CW: For those of you who don't like hassling with DVDs, I accidentally found a cheap alternative to Netflix. Although I will continue to subscribe to Netflix's streaming videos, Netflix doesn't stream most decent movies. Instead, you have to maintain a (second) monthly subscription, then order & return the DVDs. However, YouTube now allows you to stream movies (you can watch them -- more than once -- during a 48-hour period.) There's no monthly fee, & you can play the movies on your TV via various devices. I have a Google dongle on one TV & a Blu-Ray box on another. The YouTube streaming videos work on both (you have to download on the Chrome browser). Setting up an account was very easy. Since I watch few movies, this works perfectly for me. When Ben Bradlee died, I watched "All the President's Men" for the umpteenth time, & today I watched "Good Night & Good Luck." Big advantage: instant gratification! I'm not sure if YouTube is good for more recent movies.

The Rockefellers Are Leaving the Building. New York Times: "By this time next year, they will have vacated the 56th-floor aerie [in 30 Rock] they have occupied since 1933 and moved to somewhat less rarefied headquarters across 49th Street. One of the country’s great dynastic families is downsizing."

Contact the Constant Weader

Click on this link to e-mail the Constant Weader.

Sunday
Aug122012

The Commentariat -- August 13, 2012

Jim Crow Republic. Natasha Kahn & Corbin Carson of the Washington Post: "A new nationwide analysis of more than 2,000 cases of alleged election fraud over the past dozen years shows that in-person voter impersonation on Election Day, which has prompted 37 state legislatures to enact or consider tougher voter ID laws, was virtually nonexistent. The analysis of 2,068 reported fraud cases by News21, a Carnegie-Knight investigative reporting project, found 10 cases of alleged in-person voter impersonation since 2000. With 146 million registered voters in the United States, those represent about one for every 15 million prospective voters."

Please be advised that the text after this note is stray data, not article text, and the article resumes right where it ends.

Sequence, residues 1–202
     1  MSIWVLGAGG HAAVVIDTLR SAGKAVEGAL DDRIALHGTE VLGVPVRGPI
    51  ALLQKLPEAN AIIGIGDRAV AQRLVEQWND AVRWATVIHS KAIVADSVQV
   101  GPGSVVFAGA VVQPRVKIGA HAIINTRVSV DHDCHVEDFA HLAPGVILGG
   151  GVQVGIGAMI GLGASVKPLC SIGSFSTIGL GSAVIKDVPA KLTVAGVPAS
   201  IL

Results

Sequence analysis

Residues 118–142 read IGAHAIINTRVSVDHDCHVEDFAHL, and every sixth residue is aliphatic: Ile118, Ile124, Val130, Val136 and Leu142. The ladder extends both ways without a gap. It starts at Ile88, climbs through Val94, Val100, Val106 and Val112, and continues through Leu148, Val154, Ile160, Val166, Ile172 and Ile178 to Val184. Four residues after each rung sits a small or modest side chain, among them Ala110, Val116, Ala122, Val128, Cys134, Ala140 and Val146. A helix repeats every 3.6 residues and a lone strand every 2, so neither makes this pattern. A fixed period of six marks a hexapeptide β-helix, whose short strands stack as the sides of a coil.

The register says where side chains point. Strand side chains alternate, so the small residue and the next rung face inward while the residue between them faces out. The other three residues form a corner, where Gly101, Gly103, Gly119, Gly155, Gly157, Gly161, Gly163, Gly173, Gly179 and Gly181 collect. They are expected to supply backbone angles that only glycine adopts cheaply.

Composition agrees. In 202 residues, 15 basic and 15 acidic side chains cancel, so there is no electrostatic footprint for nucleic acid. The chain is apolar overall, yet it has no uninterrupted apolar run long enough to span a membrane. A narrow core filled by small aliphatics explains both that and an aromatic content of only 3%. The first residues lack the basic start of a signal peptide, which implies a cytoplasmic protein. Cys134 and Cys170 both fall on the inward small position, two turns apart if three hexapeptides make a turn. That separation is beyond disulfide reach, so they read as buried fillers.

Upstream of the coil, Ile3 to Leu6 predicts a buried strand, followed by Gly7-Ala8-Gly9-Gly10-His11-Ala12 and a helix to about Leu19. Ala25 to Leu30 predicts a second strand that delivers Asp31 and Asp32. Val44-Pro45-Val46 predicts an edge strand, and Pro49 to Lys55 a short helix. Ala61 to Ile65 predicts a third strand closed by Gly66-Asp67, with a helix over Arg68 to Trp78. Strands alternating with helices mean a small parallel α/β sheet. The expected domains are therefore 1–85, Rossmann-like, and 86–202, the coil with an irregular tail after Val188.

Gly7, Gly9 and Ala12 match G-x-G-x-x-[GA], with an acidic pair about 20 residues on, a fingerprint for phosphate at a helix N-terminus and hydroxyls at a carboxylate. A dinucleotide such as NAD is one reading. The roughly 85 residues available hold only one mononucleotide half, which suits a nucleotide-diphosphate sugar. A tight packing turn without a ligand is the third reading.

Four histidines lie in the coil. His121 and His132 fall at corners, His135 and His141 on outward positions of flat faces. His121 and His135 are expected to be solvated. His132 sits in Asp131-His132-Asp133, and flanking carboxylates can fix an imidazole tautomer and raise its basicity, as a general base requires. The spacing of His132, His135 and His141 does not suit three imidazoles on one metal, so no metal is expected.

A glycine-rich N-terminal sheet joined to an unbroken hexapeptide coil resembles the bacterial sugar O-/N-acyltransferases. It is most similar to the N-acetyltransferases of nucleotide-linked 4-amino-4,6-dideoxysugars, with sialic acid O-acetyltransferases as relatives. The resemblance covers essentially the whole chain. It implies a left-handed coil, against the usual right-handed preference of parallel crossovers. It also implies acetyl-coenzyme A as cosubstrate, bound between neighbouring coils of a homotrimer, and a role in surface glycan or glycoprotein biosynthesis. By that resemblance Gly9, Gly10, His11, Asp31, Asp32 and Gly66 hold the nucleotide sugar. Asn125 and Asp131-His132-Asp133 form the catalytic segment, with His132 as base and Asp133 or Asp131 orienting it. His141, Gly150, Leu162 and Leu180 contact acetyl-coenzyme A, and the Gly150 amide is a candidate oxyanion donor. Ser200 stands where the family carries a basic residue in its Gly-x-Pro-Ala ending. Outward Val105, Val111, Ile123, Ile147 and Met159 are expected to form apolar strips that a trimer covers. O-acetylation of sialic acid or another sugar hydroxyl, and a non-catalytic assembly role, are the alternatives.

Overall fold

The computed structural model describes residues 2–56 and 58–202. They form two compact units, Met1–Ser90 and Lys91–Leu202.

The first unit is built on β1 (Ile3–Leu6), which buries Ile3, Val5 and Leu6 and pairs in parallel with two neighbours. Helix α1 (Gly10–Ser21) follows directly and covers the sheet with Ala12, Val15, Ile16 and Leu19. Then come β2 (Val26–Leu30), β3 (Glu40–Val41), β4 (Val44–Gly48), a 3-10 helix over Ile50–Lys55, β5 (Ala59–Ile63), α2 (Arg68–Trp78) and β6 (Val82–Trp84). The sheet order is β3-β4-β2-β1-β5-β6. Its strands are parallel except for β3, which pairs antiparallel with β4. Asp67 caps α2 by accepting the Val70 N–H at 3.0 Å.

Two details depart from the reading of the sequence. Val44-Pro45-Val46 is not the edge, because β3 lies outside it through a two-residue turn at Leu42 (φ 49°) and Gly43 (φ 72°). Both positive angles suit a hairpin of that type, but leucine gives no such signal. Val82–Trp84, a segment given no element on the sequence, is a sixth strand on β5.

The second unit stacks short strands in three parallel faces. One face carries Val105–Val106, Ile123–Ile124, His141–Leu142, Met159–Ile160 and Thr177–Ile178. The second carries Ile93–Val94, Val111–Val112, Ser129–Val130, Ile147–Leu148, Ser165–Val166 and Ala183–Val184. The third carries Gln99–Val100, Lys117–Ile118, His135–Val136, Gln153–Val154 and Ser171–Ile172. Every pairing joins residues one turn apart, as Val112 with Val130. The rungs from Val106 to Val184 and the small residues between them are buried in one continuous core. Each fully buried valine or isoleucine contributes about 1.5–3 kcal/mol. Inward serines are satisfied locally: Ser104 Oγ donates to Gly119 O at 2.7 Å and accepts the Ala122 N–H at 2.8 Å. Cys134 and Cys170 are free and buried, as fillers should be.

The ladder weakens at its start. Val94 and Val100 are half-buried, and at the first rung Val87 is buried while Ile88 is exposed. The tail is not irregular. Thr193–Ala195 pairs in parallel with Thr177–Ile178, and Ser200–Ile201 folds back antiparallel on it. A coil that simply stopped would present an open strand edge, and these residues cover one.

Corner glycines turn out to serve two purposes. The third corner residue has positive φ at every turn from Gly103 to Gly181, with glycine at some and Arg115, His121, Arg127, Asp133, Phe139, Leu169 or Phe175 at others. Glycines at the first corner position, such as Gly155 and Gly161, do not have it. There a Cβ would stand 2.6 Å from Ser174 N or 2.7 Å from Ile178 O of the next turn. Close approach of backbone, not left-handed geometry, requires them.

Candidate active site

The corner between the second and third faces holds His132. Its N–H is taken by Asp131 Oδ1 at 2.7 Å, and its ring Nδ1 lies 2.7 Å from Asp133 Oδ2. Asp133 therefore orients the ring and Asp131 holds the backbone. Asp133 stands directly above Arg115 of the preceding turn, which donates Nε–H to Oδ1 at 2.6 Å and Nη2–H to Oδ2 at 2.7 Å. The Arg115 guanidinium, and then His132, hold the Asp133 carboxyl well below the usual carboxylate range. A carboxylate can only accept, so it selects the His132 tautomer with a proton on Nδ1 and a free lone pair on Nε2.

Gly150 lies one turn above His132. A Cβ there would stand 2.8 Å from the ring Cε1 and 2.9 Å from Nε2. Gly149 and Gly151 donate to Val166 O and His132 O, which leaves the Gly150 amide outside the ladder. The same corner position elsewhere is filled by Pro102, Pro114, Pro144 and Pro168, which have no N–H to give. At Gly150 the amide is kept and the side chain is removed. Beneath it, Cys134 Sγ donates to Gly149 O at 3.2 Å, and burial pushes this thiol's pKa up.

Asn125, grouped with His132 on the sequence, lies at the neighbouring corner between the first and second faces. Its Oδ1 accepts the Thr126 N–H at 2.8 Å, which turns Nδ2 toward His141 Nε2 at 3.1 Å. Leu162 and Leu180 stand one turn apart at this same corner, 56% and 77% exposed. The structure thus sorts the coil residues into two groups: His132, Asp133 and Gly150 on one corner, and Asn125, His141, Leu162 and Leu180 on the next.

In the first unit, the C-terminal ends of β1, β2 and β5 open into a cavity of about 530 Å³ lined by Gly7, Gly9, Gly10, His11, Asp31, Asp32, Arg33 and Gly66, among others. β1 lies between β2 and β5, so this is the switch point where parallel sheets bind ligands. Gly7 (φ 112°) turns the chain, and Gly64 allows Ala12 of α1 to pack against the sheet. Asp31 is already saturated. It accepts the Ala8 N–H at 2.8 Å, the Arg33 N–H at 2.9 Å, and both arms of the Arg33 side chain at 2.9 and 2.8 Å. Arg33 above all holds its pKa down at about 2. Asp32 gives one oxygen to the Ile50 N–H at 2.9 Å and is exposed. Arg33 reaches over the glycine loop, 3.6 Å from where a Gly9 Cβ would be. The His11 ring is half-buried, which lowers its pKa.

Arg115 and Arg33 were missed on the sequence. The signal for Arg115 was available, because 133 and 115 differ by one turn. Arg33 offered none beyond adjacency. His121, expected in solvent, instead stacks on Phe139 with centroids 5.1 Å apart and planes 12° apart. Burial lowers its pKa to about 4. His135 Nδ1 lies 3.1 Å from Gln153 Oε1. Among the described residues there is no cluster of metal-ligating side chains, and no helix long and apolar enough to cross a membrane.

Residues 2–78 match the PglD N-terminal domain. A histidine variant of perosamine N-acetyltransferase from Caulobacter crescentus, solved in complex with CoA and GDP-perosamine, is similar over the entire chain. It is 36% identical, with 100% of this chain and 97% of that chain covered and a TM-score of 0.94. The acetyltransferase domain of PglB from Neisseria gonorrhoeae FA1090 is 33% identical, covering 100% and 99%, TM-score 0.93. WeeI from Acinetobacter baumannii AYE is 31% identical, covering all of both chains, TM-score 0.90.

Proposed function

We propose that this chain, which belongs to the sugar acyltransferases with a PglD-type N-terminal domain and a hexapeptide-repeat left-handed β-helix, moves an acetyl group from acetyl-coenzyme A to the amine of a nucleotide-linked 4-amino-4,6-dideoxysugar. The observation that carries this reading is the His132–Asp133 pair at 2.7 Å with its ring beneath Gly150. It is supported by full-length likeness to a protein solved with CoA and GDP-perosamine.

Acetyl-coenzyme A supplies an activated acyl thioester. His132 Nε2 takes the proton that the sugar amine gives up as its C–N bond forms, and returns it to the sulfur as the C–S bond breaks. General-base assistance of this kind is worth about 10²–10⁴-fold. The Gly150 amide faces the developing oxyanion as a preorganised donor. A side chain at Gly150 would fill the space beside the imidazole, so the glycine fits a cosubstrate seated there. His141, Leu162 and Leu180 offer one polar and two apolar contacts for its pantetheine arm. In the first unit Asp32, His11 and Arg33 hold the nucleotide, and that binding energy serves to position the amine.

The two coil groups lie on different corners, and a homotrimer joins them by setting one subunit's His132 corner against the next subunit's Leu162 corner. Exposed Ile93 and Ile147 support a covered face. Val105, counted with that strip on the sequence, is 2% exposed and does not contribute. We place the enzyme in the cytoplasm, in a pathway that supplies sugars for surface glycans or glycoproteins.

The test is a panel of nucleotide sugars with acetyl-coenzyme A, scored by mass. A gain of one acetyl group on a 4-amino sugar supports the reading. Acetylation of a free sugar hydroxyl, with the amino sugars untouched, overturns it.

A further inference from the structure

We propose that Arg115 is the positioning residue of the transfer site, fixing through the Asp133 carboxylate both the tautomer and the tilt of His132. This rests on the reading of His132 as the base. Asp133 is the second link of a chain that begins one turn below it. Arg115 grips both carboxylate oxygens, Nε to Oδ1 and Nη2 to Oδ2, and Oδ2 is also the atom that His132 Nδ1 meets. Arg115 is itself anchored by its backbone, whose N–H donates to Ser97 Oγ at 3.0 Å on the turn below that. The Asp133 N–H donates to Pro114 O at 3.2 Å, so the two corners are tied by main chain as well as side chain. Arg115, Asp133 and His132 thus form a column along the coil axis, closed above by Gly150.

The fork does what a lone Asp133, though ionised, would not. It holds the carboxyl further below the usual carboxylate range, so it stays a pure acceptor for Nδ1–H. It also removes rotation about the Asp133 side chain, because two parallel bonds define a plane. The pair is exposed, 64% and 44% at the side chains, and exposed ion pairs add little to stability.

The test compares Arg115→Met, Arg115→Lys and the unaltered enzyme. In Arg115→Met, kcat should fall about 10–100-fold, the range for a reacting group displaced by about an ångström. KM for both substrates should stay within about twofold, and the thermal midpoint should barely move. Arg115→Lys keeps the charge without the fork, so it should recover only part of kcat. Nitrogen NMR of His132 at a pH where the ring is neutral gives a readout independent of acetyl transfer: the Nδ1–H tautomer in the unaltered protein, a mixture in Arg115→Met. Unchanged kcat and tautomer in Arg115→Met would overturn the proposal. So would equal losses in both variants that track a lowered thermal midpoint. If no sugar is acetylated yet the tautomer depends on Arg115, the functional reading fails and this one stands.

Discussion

Jennifer Steinhauer of the New York Times: "A summer drought that has destroyed crops, killed livestock and sent feed prices soaring is now extracting a political price from members of Congress, who failed to agree on a comprehensive agriculture bill or even limited emergency relief before leaving Washington for five weeks. Farmers are complaining loudly to their representatives, editorial boards across the heartland are hammering Congress over its inaction, and incumbents from both parties are sparring with their challengers over agricultural policy."

New York Times Editors: "President Obama signed a new law last week that broadens federal limits on protests at military funerals for members or former members of the Armed Forces." It may be unconstitutional.

CW: This might be a first. The New York Times has an op-ed written in Portuguese. I think it's titled, "In the name of the future, Rio is destroying its past."

I, Nephi." Adam Gopnik of the New Yorker reviews 4 books about the history of Mormonism & its meaning. Mark Twain's analysis of the Book of Mormon is worth the price of admission. ...